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The Road to War: Renewed Conflict with England & France.

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Presentation on theme: "The Road to War: Renewed Conflict with England & France."— Presentation transcript:

1 The Road to War: Renewed Conflict with England & France

2 The Embargo of 1807 When England & France resumed war in 1803 & violated U.S. neutrality, Jefferson approved the unpopular Embargo of 1807 To enforce the embargo, Jefferson contradicted his principles of individual liberty & weak gov’t: – He mobilized the military to enforce the blockade – He declared regions of NY (near Canada) in a state of insurrection


4 The Embargo of 1807 For 15 months the embargo proved ineffective; Congress repealed the embargo in 1809 Jefferson’s decision to not run for a third term meant that these problems fell to his hand-picked successor, James Madison In 1808, Madison was elected president & the Republicans maintained control of the gov’t "Never did a prisoner, released from his chains, feel such relief as I shall on shaking off the shackles of power.'‘—TJ Congress repealed the embargo just 3 days Jefferson left office But it produced economic hardship, evasion of the law, & political dissension in America The embargo gained no political concessions from France or Britain


6 The Road to the War of 1812 The focus of Madison’s presidency was foreign policy: Non-Intercourse Act – In 1809, the Non-Intercourse Act promised the U.S. will resume trade with England & France once U.S. neutrality is respected Macon’s Bill #2 – In 1810, Congress replaced this with Macon’s Bill #2 offering exclusive trade to whichever nation 1 st honored U.S. neutrality Madison eagerly reopened trade with England …but England continued to seize U.S. ships France agreed to end all trade restrictions (but never stopped seizing ships or impressing sailors)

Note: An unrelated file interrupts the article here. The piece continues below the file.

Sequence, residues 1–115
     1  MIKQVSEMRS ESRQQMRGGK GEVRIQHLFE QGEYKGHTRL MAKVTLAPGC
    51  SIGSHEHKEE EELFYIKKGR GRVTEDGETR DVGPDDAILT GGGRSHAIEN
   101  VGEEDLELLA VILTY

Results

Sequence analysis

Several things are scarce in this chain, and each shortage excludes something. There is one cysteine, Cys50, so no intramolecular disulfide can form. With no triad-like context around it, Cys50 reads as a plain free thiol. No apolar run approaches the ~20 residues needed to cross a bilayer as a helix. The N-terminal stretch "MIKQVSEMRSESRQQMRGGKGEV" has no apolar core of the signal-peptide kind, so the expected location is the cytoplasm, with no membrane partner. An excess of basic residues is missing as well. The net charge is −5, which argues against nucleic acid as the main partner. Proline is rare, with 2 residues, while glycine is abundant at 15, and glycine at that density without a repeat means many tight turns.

7 Which region would have supported a declaration of war the most? Most calls for war centered on British interference with U.S. trade rights. "Free Trade & Sailors' Rights" was a popular battle cry NE Federalists thought war with Britain as a mistake: they feared the U.S. could not defeat England & a war would bankrupt the country Americans in the West & South wanted war to gain Canada & Spanish Florida By 1810, War Hawks in Congress, led by Henry Clay (KY) & John C. Calhoun (SC), demanded war with England Madison eventually gave in & asked Congress for a declaration of war in June 1812 Patriotism surged as War Hawks claimed the War of 1812 the “Second American Revolution”

8 The War of 1812

9 War of 1812 Despite increased patriotism, the U.S. was unprepared for war: – Congress refused to raise taxes – The army was small & state militias were inadequate – The government was incapable of directing a full-scale war The U.S. goal for the war was to attack British Canada & force England to respect U.S. rights The U.S. did not fare well against the better-trained British troops The U.S. navy was a little more successful but only because the bulk of British navy was still fighting Napoleon in Europe

10 The War of 1812 In 1814, the British took the offensive in a 3-pronged attack British were turned back at Plattsburg on Lake Champlain & gave up their Canadian offensive The British attacked the undefended Chesapeake & burned Washington, DC & laid siege to Baltimore The American army under Andrew Jackson defeated the British at New Orleans (after a peace treaty was drawn up ending the war)


12 Hartford Convention Federalists opposed the war by not paying taxes or sending troops In 1814, Federalists met at the Hartford Convention to discuss altering the U.S. Constitution to: – Restrict Congress’ war powers – Supported a one-term president – Abolish the 3/5 clause They discussed seceding from the USA if they did not get their way The War of 1812 is still going on!! In order to reduce southern control of Congress In order to break the Virginia presidential dynasty

13 Treaty of Ghent Treaty of Ghent Treaty of Ghent did not address U.S. neutrality but was ratified unanimously by the Senate Effects of the war: – Ended all Indian-British alliances in western lands – Scared Spain into signing the Adams-Onis Treaty in 1819 – The lack of Federalist loyalty was the fatal blow to the party Spain ceded Florida to the USA

14 Effects of the War of 1812 Though the US might not have gained any lands or major concessions from the war, the War of 1812 did have a number of significant effects on the young nation… – The US gained incredible respect from foreign nations for fighting the world’s greatest power, England, to two stalemates – There was an incredible growth in nationalistic feelings across the US, especially in the west – The idea that the future of the US lay in westward expansion – The death of the Federalist party

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